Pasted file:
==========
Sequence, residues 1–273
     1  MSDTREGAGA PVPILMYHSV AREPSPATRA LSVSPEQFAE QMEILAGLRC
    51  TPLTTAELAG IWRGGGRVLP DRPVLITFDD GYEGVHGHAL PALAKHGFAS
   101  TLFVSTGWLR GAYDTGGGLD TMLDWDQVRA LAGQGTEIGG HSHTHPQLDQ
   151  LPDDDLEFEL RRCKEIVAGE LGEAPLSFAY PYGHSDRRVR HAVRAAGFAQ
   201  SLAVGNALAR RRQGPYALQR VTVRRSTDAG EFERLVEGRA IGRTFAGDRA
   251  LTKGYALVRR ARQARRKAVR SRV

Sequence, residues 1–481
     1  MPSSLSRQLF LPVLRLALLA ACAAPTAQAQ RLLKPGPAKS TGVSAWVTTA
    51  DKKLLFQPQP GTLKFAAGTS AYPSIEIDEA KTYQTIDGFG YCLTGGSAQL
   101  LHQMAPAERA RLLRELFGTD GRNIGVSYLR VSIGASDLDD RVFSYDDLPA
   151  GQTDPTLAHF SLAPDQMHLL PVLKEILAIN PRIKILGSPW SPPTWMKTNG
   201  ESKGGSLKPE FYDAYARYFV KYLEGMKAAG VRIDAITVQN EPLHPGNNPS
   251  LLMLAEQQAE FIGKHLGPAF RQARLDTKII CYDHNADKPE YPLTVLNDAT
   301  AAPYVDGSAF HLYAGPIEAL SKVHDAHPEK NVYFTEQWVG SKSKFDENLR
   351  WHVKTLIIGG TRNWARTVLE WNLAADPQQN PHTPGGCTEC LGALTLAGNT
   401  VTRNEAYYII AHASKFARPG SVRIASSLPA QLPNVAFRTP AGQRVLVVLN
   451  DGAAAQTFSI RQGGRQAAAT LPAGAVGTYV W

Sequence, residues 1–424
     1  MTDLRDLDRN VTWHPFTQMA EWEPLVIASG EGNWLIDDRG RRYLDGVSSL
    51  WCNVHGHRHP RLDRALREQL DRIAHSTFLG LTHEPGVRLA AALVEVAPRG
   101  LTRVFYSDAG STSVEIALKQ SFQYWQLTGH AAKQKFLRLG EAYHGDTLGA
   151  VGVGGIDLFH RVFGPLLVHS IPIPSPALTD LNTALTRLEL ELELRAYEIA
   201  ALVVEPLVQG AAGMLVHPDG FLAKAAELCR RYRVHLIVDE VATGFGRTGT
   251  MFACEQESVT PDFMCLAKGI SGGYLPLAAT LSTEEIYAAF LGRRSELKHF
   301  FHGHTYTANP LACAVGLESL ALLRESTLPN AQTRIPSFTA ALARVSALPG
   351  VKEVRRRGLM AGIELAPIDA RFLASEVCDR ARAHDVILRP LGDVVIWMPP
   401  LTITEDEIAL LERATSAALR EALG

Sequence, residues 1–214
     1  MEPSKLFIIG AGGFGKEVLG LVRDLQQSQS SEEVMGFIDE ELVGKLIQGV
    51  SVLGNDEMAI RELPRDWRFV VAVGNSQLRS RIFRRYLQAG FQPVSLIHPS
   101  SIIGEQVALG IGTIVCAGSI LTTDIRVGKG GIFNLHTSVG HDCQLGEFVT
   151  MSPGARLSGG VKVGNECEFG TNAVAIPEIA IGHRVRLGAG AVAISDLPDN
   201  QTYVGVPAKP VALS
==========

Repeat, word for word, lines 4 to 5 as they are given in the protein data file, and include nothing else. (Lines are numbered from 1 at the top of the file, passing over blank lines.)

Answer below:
   101  TLFVSTGWLR GAYDTGGGLD TMLDWDQVRA LAGQGTEIGG HSHTHPQLDQ
   151  LPDDDLEFEL RRCKEIVAGE LGEAPLSFAY PYGHSDRRVR HAVRAAGFAQ